`A grade 3 coach wrote a letter to AW last week bemoaning the fact that there were only 65 (I think) under 20 and under 17 males entered in the Junior indoor championships over 1500/800 metres on the same weekend as the national cross when there were 1400 or so entrants in the same classes.
Well to me that is a cause for celebration because that is where the future of the sport is going to come from, not from poncing around a 200 metre track. (my opinion only of course)`
The future of the sport is mass participation at long distance events AND elite (youth) at shorter track events.
They can feed off each other. Remember Paula Radcliffe was inspired by her dad being a fun runner. And many runners are inspired by the sight of elite success. Whilst recognising they are unlikely to match them it does raise awareness.
Oon the subject of the Grade 3 coaches and the coaching mafiosa types. Yes some of them are sad gits and many UKA coaching courses are fixated by youth/track/elite competition. But does not remove some validity to their concerns over declining `elite` paticipation.
I have just read a book by a guy called Parker who was an early advocate of Hr training. Before the Hadd articles came out.
He also suggested that the vast majority of runs were at 70% but you could do say 1 or 2 sessions per week at around threshold pace (85% is what he quoted). Whilst this is not a gut busting run it does provide some physical and mental variation.
He applied this approach with experienced runners who wanted to improve, not total beginners. And the guinea pigs had good results.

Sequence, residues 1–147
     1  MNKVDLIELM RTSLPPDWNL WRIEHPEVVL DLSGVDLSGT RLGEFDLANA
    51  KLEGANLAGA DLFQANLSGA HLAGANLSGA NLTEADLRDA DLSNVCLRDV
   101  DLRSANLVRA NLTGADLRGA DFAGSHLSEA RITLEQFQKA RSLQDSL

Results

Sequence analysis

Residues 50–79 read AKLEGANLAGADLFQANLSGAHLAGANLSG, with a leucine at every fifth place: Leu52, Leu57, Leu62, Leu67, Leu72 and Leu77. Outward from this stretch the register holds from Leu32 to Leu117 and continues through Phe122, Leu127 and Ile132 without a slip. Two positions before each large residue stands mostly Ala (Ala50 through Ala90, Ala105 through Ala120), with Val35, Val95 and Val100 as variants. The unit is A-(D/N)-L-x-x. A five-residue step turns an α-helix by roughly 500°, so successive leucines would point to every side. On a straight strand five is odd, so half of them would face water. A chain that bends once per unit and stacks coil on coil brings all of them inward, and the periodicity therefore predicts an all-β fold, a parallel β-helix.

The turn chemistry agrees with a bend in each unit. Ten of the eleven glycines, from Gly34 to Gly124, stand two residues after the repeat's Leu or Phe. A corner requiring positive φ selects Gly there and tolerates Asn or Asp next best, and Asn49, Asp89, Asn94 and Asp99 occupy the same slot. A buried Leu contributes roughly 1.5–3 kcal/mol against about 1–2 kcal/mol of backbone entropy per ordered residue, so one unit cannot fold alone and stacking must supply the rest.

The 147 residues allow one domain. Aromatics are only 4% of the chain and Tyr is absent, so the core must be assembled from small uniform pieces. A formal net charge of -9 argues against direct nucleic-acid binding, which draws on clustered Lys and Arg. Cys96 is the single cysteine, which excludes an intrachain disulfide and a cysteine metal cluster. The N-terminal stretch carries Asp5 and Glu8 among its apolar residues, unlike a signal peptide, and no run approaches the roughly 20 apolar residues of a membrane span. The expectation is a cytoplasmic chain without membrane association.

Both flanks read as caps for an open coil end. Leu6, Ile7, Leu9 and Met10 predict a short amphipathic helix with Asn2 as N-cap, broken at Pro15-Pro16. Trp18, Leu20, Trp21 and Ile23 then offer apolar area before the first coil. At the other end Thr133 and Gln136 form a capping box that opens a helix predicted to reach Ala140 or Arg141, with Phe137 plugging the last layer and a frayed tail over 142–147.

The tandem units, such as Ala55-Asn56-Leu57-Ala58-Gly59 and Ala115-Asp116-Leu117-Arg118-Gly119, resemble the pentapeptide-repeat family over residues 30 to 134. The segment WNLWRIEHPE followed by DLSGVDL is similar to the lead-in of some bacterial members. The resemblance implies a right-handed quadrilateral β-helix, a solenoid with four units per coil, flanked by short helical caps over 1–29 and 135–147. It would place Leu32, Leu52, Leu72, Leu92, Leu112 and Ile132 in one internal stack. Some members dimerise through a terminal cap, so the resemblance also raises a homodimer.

His view on an excess of too much hard running was not just that it was inferior in terms of cardiac benefits. Equally, it burnt up large amounts of glycogen (rather than fat plus glycogen). This lead to growing tiredness and a tendancy to lose quality in the hard runs. Therefore the easy approach is not an end in itself, it is a way of getting the best out of the less frequent hard sessions.
Good point about basic speed. So many of the really top marathon runners (Steve Jones, Paula, Paul Tergat, Haile G) stepped up from top class 10000m running. It is often said that the main difference between 10k training and marathon training is to increase the length of the long run. All the other building blocks are in place.
I still come back to people losing lottery (and UKA) funding - so what.
Steve Jones was in the RAF, Kelly was in the army, Brendan was a chemistry teacher, Peter Elliot was a carpenter, Ron Hill an industrial chemist, Seb was running world class times in his early 20s having just done his degree. The current American sprinters have to make it to the top during their college days ....
This is not just harping back to good old days, there is a genuine question as to whether lottery funding works for all sports.
My attitude is also swayed by the recent discovery that my road running club will see its UKA subscription treble ! Do we want to subsidise the UKA - establishment.